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CO2 cuts vs. cash: Climate talks stymied by stand-off

Current policies will see the planet warm by nearly twice the agreed-upon goal of 1.5 degrees Celsius by 2100
Current policies will see the planet warm by nearly twice the agreed-upon goal of 1.5 degrees Celsius by 2100.

Pressure to speed cuts in carbon pollution took a back seat at UN climate talks that ended late Thursday night, as emerging economies, including China, demanded that rich ones vastly scale up climate financing.

The stand-off over 10 days of technical negotiations in Bonn stymied progress across a raft of issues, including how to minimize the social costs of transitioning to clean energy, how to quantify countries' adaptation needs, and how to help economies already devastated by -amplified extreme weather.

This puts even more pressure on the COP28 climate summit in oil-rich United Arab Emirates in December. There, nearly 200 nations will review a "global stocktake" of how far off track the world is from achieving the Paris climate treaty goal of capping at 1.5 degrees Celsius above pre-industrial levels.

Under current policies, the planet will warm nearly twice that much by 2100, according to the UN's climate science advisory panel.

"Climate change is not a North versus South issue," UN Climate chief Simon Stiell said at the closing plenary on Thursday.

"This is a tidal wave that doesn't discriminate. The only way we can avoid being swallowed by it is investing in ."

A long-standing tug-of-war at UN climate talks pits the European Union against a powerful negotiating bloc: the Like-Minded Developing Countries (LMDC), which includes China, India and Saudi Arabia.

The EU, along with some of the world's poorest and most climate-vulnerable nations, seeks an accelerated timetable for slashing , and wants the consensus-based UN forum to call for the phasing out of fossil fuels.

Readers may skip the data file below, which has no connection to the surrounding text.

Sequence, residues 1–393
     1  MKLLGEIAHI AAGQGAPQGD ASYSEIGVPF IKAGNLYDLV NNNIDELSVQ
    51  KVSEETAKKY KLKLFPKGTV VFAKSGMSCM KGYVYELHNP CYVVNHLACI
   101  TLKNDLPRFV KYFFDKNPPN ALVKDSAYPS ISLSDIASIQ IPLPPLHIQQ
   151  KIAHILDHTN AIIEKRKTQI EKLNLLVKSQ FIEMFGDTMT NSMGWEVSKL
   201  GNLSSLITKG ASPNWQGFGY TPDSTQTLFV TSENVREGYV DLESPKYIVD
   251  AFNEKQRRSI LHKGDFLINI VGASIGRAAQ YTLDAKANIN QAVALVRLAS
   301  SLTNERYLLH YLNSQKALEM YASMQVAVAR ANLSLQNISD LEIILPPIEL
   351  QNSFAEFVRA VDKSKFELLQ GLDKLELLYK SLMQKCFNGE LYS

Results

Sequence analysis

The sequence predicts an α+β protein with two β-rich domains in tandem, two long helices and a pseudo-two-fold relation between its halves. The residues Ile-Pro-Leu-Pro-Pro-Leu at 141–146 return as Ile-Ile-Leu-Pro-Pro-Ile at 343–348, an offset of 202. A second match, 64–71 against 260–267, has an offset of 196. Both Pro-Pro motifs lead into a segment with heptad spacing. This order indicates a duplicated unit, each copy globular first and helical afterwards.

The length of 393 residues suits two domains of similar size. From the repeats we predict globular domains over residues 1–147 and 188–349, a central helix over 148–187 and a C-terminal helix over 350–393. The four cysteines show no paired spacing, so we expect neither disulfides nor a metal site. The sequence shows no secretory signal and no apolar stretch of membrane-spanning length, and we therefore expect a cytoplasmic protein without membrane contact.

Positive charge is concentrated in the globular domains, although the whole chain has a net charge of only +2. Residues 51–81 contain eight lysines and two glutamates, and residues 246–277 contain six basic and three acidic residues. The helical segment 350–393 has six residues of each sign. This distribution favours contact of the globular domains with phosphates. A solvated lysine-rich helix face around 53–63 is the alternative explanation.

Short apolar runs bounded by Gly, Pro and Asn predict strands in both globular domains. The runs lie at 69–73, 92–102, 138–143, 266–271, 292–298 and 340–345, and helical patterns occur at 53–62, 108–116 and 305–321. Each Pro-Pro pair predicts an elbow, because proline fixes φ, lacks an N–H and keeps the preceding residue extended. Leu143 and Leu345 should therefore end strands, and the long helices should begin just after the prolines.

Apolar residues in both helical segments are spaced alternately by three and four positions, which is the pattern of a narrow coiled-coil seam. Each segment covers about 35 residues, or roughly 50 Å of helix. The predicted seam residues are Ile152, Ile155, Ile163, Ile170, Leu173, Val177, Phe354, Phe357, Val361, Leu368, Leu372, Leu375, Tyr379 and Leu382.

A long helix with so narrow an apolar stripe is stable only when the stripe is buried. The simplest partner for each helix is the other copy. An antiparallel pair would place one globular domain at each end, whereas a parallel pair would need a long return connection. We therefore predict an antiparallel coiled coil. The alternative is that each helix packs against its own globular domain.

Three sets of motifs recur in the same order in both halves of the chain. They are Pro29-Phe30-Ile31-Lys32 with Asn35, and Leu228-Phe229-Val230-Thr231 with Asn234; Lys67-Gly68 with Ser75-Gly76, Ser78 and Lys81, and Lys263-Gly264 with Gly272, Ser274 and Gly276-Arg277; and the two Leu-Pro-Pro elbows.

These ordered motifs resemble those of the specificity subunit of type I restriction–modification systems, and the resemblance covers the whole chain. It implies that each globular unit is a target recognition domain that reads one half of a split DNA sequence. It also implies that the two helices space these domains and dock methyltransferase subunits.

But their drive for more ambitious reductions is undercut by the yawning gap between the comparatively small amounts of money mobilized by rich nations historically responsible for global warming and the trillions needed by developing nations to green their economies and cope with existing climate impacts, or "loss and damage".

Last 8 years to 2022 warmest ever recorded
Last 8 years to 2022 warmest ever recorded.

From billions to trillions

"The difficulties of making substantive progress on loss and damages reflect the reluctance of developed countries on getting into real engagement," Cuba's lead negotiator said Thursday, speaking on behalf of the G77 + China negotiating bloc, which comprises 134 countries and 80 percent of the world's population.

Confidence in the US, Canada, Europe, Japan and other wealthy nations has been further undermined by the failure to deliver on a promise first made in 2009 to provide the $100 billion a year by 2020.

"We stand by our climate finance commitments," a delegate from the European Union insisted, pointing to a report jointly authored by Canada and Germany saying the $100 billion promise would finally be kept in 2023.

More crucial still, rich nations say, will be tapping into the private finance that can leverage billions into trillions.

That objective will be front and center next week in Paris at the Summit for a New Global Financing Pact, hosted by French President Emmanuel Macron.

'Missed opportunity'

More broadly, accelerating action will dominate a September in New York hosted by UN Secretary-General Antonio Guterres, who decried on Thursday the lack of progress to date.

"Countries are far off track," he said. "I see a lack of ambition; a lack of trust; a lack of support; a lack of cooperation."

'The problem is not simply fossil fuel emissions. It's fossil fuels, period,' UN chief Antonio Guterres said Thursday
'The problem is not simply fossil fuel emissions. It's fossil fuels, period,' UN chief Antonio Guterres said Thursday.

Guterres also took aim at what he called "the polluted heart of the climate crisis: the fossil fuel industry".

"Let's face facts," he said. "The problem is not simply fossil fuel emissions. It's fossil fuels, period."

The UN chief's words were starkly at odds with those of embattled COP28 president—and head of the Abu Dhabi National Oil Company—Sultan al-Jaber, who suggested last month that fossil fuel emissions could be reduced through carbon capture technologies.

In a stopover at the talks in Bonn, however, he said for the first time that the "phase-down" of was "inevitable".

But al-Jaber failed to outline a roadmap or his expectations for COP28.

"It's time to shift out of listening mode into action mode," said Alden Meyer, a senior analyst at climate policy think tank E3G. "It was a bit of a missed opportunity not to do so here."

The stalemate in Bonn does not bode well for COP28, others said.

"The gap between the Bonn political performance and the harsh climate reality feels already absurd," said Li Shuo, a senior global policy adviser at Greenpeace East Asia.

"Climate impacts stay no longer on paper. People are feeling and suffering from it now."

© 2023 AFP

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